story by Ruth Nicolaus If it’s true that people act like their pets, Cassidi Alverson is a prime example. The Colorado High School Rodeo Association […]
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Meet the Member Tate Welch
story by Ruth Nicolaus
Tate Welch builds rifles.
The Colorado High School Rodeo Association member has built two AR-15s.
He starts with an unfinished receiver, using a drill press and router to mill it out. Then he purchases the other parts and puts it together.
He likes to include features in his guns that the manufacturers don’t include, like a 3.5 lb. trigger (instead of the standard 7 lb. trigger), and making them left-handed, since he is a lefty.
And when he’s not working on guns, he loves to rodeo.
A resident of Franktown, Colo., he competes in the cutting and the light rifle shooting. Even though he loves rifles, he’s better at the cutting, in part because his family has a history in the discipline. His great-uncle, Buster Welch, was influential in the cutting world.
Tate’s cutting horse is a sixteen-year-old chestnut gelding named Pockets, who is adept at his job. “He has an eye for a cow and he’s very athletic,” Tate said. But he has a goofy personality. “He’s kind of hard to be around when he’s not in front of a cow. He doesn’t have a lot of manners.”
A senior at Elbert High School, he spends half of his day in school and the other half in a work study. In school, he’s taking several classes: a natural resource class, weight lifting, English class, and senior seminar. Of the four, natural resources, where he learns about rangeland management, forestry and water rights, is the most interesting.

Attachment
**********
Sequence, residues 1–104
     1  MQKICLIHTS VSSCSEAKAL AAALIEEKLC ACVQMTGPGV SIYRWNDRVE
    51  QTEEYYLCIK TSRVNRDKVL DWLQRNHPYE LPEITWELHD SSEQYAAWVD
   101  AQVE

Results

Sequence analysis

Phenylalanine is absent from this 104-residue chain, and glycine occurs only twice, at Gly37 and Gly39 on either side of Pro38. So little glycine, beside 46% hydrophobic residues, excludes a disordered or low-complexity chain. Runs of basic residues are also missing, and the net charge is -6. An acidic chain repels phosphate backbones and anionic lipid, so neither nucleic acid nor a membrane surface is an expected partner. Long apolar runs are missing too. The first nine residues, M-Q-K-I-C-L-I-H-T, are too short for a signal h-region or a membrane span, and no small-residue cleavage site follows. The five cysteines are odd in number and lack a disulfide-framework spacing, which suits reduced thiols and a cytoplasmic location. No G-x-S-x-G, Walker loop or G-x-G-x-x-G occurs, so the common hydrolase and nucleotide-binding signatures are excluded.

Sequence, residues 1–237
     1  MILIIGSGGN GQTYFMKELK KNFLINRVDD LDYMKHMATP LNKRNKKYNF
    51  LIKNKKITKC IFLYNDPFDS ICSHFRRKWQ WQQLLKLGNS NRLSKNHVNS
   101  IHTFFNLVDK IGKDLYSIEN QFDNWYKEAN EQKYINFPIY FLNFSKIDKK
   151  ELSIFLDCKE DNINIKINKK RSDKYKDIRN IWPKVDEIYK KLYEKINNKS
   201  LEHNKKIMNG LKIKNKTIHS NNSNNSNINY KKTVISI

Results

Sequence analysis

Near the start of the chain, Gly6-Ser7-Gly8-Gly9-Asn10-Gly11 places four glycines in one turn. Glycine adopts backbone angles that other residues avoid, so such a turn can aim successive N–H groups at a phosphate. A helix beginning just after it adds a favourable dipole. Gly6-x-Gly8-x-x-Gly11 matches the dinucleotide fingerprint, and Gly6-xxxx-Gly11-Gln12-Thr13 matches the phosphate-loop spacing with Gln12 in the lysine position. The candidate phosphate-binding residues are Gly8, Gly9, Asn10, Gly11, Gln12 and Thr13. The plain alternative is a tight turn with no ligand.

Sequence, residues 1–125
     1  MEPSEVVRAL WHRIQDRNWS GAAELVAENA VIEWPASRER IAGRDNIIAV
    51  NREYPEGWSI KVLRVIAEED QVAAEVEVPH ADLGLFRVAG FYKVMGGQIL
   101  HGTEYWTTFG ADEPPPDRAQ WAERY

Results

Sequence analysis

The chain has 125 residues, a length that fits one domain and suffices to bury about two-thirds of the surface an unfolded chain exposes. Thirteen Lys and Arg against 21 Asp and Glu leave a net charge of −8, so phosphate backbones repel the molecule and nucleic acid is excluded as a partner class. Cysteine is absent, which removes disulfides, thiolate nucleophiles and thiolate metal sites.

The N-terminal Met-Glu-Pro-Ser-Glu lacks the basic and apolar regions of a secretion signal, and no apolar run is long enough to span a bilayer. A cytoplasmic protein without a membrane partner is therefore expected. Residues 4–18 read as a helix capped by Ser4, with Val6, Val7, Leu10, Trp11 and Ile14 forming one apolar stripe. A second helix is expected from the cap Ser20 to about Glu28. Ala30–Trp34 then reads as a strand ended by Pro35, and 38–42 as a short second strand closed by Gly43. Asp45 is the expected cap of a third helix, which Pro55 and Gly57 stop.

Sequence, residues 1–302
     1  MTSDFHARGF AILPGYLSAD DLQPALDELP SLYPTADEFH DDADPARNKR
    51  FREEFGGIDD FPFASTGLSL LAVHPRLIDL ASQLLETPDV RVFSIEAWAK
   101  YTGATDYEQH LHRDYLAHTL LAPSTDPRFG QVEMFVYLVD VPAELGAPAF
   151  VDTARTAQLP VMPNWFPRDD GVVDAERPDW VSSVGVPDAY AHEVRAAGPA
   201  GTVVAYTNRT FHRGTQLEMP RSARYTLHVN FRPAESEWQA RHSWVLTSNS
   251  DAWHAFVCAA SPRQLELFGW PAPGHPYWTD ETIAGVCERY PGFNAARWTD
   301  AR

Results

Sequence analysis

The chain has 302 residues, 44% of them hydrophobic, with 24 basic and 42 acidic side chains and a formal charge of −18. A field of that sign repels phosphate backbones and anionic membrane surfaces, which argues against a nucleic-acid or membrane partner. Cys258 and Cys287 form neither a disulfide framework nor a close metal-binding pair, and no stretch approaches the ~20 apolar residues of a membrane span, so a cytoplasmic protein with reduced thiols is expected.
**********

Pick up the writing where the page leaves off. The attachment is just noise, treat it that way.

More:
For his work study, he tags along with a farrier, which he really enjoys. “I’m not planning on pursuing it as a career, but I want to have the skills to shoe my own horses in the future,” he said. He loves problem solving shoe situations and being around the horses.
Tate is the vice-president of his FFA chapter and a member of the FFA parliamentary procedure and horse judging teams. His chapter won districts in “parli pro” and has qualified for state.
In school sports, he runs the mile and the two-mile in track.
His favorite meal his mom makes is biscuits and gravy, and he loves the strawberry-rhubarb pie she makes. He washes it down with another favorite, Red Bull.
Tate jokes that if he was given $1 million, “I’d fill up my fuel tank,” he laughed. But jokes aside, if he had a large sum of money, he’d buy land and cattle and set up a ranch.
In his spare time, he loves to hunt antelope and mountain lions. The cats are his favorite; he harvested a lion and is having the pelt made into a rug.
Tate has competed at state finals the last three years in the cutting and the last two years in the light rifle. He’s qualified for the National Junior High School Finals Rodeo in the cutting his sophomore and junior years, making the short round his sophomore year. He went to Nationals in the light rifle last year.
Tate’s parents, Bob and Kristen, love their son. His dad appreciates Tate’s “heart for God and his thirst for adventure. I enjoy how he’s adventurous and up for anything, and he’s not afraid to try new things.”
His dad also says Tate strives to be well-rounded, with a variety of skills, and he loves watching his son set his own goals. “He wants unique experiences, and it’s fun to watch him think about and plan for them.”
This fall, he will attend Reformation Bible College in Sanford, Florida.
He has a younger sister, Allie, who is also a member of the Colorado High School Rodeo Association.